CAPE CANAVERAL, Fla. — NASA on Monday released the first high-quality video of a spacecraft landing on Mars, a three-minute trailer showing the enormous orange and white parachute hurtling open and the red dust kicking up as rocket engines lowered the rover to the surface.
The footage was so good — and the images so breathtaking — that members of the rover team said they felt like they were riding along.
“It gives me goose bumps every time I see it, just amazing,” said Dave Gruel, head of the entry and descent camera team.
The Perseverance rover landed last Thursday near an ancient river delta in Jezero Crater to search for signs of ancient microscopic life. After spending the weekend binge-watching the descent and landing video, the team at Jet Propulsion Laboratory in Pasadena, California, shared the video at a news conference.
“These videos and these images are the stuff of our dreams," said Al Chen, who was in charge of the landing team.
Six off-the-shelf color cameras were devoted to entry, descent and landing, looking up and down from different perspectives. All but one camera worked. The lone microphone turned on for landing failed, but NASA got some snippets of sound after touchdown: the whirring of the rover’s systems and wind gusts.
Flight controllers were thrilled with the thousands of images beamed back — and also with the remarkably good condition of NASA's biggest and most capable rover yet. It will spend the next two years exploring the dry river delta and drilling into rocks that may hold evidence of life 3 billion to 4 billion years ago. The core samples will be set aside for return to Earth in a decade.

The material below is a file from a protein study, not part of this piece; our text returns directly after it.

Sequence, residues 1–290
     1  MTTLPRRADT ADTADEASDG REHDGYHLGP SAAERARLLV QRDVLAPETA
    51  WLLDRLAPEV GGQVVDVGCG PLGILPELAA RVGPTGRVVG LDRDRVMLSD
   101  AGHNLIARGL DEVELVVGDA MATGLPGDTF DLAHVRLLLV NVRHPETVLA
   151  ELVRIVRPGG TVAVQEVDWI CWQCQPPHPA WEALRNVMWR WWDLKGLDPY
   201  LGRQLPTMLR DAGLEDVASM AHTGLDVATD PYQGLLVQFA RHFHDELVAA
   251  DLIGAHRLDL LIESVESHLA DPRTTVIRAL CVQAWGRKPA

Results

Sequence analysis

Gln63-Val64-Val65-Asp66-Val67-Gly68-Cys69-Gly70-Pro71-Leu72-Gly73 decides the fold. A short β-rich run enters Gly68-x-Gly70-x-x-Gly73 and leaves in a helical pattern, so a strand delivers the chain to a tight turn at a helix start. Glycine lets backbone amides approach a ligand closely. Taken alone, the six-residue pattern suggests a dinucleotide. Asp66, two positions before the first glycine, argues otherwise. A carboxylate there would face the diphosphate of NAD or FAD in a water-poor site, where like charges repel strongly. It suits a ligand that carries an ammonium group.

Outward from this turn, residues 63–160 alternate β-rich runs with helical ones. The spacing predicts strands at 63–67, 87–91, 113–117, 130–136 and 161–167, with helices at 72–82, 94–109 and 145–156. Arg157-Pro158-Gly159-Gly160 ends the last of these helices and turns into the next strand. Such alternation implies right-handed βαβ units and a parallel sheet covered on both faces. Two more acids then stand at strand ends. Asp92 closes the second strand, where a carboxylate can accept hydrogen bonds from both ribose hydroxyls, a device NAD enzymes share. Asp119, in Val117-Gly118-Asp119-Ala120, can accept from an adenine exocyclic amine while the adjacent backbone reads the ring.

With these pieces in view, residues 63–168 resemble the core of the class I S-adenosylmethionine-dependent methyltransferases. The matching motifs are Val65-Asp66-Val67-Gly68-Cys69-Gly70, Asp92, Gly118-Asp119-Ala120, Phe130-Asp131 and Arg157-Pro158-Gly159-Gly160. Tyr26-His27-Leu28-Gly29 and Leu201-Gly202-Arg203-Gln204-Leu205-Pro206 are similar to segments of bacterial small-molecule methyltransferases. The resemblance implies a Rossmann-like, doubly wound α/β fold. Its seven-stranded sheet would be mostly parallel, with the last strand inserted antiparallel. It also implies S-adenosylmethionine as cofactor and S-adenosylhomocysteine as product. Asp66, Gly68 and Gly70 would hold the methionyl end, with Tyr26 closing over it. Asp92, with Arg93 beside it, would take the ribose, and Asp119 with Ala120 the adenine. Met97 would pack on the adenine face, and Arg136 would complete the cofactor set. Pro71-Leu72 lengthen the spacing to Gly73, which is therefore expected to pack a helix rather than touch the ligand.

NASA added 25 cameras to the $3 billion mission — the most ever sent to Mars. The space agency's previous rover, 2012's Curiosity, managed only jerky, grainy stop-motion images, mostly of terrain. Curiosity is still working. So is NASA's InSight lander, although it's hampered by dusty solar panels.
They may have company in late spring, when China attempts to land its own rover, which went into orbit around Mars two weeks ago.
Deputy project manager Matt Wallace said he was inspired several years ago to film Perseverance's harrowing descent when his young gymnast daughter wore a camera while performing a backflip.
Some of the spacecraft systems — like the sky crane used to lower the rover onto the Martian surface — could not be tested on Earth.
“So this is the first time we’ve had a chance as engineers to actually see what we designed,” Wallace told reporters.
Thomas Zurbuchen, NASA’s science mission chief, said the video and also the panoramic views following touchdown “are the closest you can get to landing on Mars without putting on a pressure suit.”
The images will help NASA prepare for astronaut flights to Mars in the decades ahead, according to the engineers.
There's a more immediate benefit.
“I know it's been a tough year for everybody,” said imaging scientist Justin Maki, “and we're hoping that maybe these images will help brighten people's days.”